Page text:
I like your insights about culture and Big Data.
When you describe the oversimplified mental model of “left-right” political ideology and the reluctance to revise it and make it more accurate, that’s exactly what vertical learning is designed to overcome. In many ways, I see vertical learning as a self-correcting process—faulty mental models trigger cognitive dissonance and revision.
The reason why people are satisfied with a mental model which can predict 90% of actual voter behavior, and then are offended and get defensive when questioned about revising the model to increase its predictive power, is because they don’t feel confident about their ability to revise the model. And if they do successfully revise the model, they predict it will take a lot of time and effort and only increase its accuracy to 91%. They get offended because a fight or flight response is triggered. Experiencing cognitive dissonance and ignoring it is a serious integrity violation.
When I work with learners, I help them learn how to revise how they revise their mental models. As they practice and get better at revising their mental models, they feel more capable and confident—and the thought of revising a mental model is no longer scary. Once that happens, it’s a no-brainer to revise a model to bump its predictive accuracy from 90% to 91%. In fact, even if there were no actual gain in increasing the model’s predictive power from 90% to 91%, someone who is good at revising mental models would be tempted to do it anyways out of curiosity.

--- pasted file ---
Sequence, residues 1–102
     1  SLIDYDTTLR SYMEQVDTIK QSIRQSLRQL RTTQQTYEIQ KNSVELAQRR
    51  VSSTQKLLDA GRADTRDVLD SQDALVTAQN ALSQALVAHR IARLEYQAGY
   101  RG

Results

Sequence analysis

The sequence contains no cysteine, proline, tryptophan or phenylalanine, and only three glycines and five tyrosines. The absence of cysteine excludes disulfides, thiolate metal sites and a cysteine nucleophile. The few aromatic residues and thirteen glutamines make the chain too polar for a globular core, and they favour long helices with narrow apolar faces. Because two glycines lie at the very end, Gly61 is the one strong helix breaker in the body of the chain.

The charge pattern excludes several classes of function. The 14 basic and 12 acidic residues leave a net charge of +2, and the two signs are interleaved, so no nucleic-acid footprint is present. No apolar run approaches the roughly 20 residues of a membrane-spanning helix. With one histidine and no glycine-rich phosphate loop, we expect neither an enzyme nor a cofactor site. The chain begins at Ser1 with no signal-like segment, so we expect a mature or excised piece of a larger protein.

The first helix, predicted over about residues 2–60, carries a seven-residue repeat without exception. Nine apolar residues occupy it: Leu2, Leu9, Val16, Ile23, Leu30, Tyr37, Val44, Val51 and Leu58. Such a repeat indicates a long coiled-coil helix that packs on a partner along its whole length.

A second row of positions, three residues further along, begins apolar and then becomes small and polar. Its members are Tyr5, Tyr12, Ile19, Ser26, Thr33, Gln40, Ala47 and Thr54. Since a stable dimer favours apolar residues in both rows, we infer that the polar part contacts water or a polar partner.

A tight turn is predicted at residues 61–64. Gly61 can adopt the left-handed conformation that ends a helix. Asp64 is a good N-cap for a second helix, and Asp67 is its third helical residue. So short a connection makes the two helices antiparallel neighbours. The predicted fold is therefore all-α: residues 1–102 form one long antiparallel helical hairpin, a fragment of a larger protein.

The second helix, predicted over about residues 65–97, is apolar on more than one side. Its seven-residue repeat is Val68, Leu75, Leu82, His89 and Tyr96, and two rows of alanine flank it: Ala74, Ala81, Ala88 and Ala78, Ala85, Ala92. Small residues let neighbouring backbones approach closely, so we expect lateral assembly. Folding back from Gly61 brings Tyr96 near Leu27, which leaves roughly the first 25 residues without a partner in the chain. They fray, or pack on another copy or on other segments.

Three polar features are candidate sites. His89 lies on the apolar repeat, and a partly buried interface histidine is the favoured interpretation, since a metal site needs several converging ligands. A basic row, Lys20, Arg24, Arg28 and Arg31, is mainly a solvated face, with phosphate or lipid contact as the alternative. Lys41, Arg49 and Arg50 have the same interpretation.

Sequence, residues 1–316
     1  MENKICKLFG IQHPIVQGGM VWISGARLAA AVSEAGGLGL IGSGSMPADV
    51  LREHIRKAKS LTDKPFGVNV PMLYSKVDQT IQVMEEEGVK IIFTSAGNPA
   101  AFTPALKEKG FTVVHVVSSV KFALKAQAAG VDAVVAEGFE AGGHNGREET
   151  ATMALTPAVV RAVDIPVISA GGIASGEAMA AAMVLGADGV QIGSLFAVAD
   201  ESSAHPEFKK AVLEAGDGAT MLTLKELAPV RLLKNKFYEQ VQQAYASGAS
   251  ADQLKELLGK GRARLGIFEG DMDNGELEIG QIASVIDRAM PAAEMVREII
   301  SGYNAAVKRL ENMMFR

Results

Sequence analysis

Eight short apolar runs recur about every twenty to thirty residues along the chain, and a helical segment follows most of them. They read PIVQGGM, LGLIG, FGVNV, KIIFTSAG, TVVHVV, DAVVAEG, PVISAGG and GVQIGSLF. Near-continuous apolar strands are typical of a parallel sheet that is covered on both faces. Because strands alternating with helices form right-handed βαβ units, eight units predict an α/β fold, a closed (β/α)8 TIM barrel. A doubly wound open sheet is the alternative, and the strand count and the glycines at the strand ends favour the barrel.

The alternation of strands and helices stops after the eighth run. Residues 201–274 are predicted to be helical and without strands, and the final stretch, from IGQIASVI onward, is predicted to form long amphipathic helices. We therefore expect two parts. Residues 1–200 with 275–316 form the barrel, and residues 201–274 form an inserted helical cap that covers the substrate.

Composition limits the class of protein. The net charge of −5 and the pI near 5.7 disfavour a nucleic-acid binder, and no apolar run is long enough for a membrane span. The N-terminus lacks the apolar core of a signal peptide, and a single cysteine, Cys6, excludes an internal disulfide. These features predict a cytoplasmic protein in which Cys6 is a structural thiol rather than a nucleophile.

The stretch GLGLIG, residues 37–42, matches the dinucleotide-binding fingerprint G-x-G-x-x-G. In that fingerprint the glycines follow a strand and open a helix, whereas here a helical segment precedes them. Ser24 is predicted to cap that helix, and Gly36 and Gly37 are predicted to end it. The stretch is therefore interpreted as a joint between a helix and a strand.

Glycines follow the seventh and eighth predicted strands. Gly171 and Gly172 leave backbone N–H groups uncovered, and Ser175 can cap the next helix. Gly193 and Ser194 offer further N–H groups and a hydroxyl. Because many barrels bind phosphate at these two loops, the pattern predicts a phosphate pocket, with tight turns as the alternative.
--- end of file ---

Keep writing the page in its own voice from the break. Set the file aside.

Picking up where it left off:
Figuring out how to work with reluctant learners so they eventually become vertical learners is what I’ve been doing for 20+ years.